The same commenter requested that the Agency change the language
of the exmeption to indicate that many other organisms besides
arthropods produce pheromones but provided no information to
support expanding the exemption to other types of pheromones.
Without more information, EPA is unwilling to expand the exemption
in this manner at this time.
Based on the information considered, the Agency concludes
that tolerances for these pheromone products are not necessary
to protect the public health. Therefore, the tolerance exemptions
are established as set forth below.
Any person adversely affected by this regulation may, within
30 days after publication of this document in the Federal Register,
file written objections and/or request a hearing with the Hearing
Clerk, at the address given above (40 CFR 178.20). A copy of
the objections and/or hearing requests filed with the Hearing
Clerk should be submitted to the OPP docket for this rulemaking.
The objections submitted must specify the provisions of the
regulation deemed objectionable and the grounds for the objections
(40 CFR 178.25). Each objection must be accompanied by the fee
prescribed by 40 CFR 180.33(i). If a hearing is requested, the
objections must include a statement of the factual issue(s)
on which a hearing is requested, the requestor's contentions
on such issues, and a summary of any evidence relied upon by
the objector (40 CFR 178.27). A request for a hearing will be
granted if the Administrator determines that the material submitted
shows the following: There is a genuine and substantial issue
of fact; there is a reasonable possibility that available evidence
identified by the requestor would, if established, resolve one
or more of such issues in favor of the requestor, taking into
account uncontested claims or facts to the contrary; and resolution
of the factual issue(s) in the manner sought by the requestor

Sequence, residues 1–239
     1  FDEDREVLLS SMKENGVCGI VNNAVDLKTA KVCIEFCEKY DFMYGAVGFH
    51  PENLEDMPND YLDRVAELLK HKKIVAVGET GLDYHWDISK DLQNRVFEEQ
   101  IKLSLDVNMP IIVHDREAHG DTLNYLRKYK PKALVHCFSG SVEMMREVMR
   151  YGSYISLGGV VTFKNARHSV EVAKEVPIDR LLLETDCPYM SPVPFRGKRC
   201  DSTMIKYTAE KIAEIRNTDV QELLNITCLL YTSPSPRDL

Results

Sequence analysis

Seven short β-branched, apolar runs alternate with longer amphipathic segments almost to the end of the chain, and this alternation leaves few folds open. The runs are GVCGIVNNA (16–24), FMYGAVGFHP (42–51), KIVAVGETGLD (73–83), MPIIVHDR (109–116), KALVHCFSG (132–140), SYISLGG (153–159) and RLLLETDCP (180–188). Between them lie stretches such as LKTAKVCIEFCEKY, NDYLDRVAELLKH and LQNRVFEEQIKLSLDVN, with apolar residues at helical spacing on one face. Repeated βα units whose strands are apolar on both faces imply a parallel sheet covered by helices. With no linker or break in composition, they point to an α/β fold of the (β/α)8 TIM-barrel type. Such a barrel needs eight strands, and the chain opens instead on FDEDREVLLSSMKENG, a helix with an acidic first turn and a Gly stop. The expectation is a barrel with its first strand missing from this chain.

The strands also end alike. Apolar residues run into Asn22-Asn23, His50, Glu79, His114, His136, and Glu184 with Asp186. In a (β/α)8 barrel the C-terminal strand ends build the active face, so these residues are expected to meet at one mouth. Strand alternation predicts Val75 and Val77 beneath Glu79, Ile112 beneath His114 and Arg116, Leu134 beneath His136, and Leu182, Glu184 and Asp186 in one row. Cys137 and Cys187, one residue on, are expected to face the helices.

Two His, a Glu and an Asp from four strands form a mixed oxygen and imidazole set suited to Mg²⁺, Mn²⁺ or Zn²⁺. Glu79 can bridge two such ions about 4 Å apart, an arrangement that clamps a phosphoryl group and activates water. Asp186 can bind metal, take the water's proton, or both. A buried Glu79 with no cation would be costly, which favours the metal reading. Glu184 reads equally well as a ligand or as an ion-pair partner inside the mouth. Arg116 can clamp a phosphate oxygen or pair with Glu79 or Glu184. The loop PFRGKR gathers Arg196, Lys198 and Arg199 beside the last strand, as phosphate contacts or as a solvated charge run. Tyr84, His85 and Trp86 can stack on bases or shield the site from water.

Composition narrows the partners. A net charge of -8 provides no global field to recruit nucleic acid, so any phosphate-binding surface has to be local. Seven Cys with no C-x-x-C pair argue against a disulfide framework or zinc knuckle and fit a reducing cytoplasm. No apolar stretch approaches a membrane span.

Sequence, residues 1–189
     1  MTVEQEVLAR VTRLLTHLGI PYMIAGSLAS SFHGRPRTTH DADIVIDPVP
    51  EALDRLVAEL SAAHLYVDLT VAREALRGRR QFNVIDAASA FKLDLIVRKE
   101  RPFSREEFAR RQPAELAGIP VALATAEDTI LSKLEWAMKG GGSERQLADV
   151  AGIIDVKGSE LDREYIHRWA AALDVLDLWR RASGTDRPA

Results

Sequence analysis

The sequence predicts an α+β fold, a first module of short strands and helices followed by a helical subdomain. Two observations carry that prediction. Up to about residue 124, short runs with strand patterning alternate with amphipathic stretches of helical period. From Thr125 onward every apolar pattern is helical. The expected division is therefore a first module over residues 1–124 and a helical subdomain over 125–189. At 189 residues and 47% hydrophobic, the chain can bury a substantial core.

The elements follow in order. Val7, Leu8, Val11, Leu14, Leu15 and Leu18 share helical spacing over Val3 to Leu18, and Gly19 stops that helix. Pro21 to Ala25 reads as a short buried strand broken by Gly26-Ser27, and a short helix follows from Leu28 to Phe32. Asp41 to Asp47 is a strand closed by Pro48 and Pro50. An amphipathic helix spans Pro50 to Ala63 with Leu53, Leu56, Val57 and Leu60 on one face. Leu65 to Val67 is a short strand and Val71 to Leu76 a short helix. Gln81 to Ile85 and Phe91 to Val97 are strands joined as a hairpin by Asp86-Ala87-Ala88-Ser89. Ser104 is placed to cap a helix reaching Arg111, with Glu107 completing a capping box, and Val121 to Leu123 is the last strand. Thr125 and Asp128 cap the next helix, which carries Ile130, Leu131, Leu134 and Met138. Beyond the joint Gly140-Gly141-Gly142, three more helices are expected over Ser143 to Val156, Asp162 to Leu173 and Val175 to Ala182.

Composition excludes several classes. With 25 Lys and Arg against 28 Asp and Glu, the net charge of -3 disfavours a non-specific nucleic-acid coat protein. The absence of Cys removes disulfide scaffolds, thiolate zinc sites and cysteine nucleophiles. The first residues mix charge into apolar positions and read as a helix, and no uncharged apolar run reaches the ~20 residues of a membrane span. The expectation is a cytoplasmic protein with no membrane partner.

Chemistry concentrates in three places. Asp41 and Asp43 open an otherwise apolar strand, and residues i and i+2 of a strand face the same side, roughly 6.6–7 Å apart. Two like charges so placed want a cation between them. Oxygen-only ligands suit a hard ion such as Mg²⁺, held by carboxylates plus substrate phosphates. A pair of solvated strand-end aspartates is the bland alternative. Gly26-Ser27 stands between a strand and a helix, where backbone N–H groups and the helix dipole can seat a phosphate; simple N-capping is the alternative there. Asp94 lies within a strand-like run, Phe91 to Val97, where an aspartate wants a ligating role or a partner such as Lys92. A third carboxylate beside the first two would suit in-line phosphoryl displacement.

would be adequate to justify the action requested (40 CFR 178.32).
Under Executive Order 12866 (58 FR 51735, Oct. 4, 1993),
the Agency must determine whether the regulatory action is ``significant''
and therefore subject to review by the Office of Management
and Budget (OMB) and the requirements of the Executive Order.
Under section 3(f), the order defines a ``significant regulatory
action'' as an action that is likely to result in a rule: (1)
Having an annual effect on the economy of $100 million or more,
or adversely and materially affecting a sector of the economy,
productivity, competition, jobs, the environment, public health
or safety, or State, local, or tribal governments or communities
(also referred to as ``economically significant''); (2) creating
serious inconsistency or otherwise interfering with an action
taken or planned by another agency; (3) materially altering
the budgetary impacts of entitlement, grants, user fees, or
loan programs or the rights and obligations or recipients thereof;
or (4) raising novel legal or policy issues arising out of legal
mandates, the President's priorities, or the principles set
forth in this Executive Order.
Pursuant to the terms of the Executive Order, EPA has determined
that this rule is not ``significant'' and is therefore not subject
to OMB review.
Pursuant to the requirements of the Regulatory Flexibility
Act (Pub. L. 96-354, 94 Stat. 1164, 5 U.S.C. 601-612), the Administrator
has determined that regulations establishing new tolerances
or raising tolerance levels or establishing exemptions from
tolerance requirements do not have a significant economic impact
on a substantial number of small entities. A certification statement
to this effect was published in the Federal Register of May
4, 1981 (46 FR 24950).
List of Subjects in 40 CFR Part 180
Environmental protection, Administrative practice and procedure,
Agricultural commodities, Pesticides and pests, Reporting and
Dated: March 21, 1994.
Susan H. Wayland,
Acting Director, Office of Pesticide Programs.
Therefore, 40 CFR part 180 is amended as follows:
1. The authority citation for part 180 continues to read
Authority: 21 U.S.C. 346a and 371.
2. By adding new sec 180.1124 to subpart D, to read as follows:
sec 180.1124 Arthropod pheromones; exemption from the requirement
of a tolerance.
Arthropod pheromones, as described in sec 152.25(b) of this
chapter, when used in retrievably sized polymeric matrix dispensers
are exempt from the requirement of a tolerance in or on all
raw agricultural commodities when applied to growing crops only
at a rate not to exceed 150 grams active ingredient/acre/year
in accordance with good agricultural practices.
[FR Doc. 94-7368 Filed 3-29-94; 8:45 am]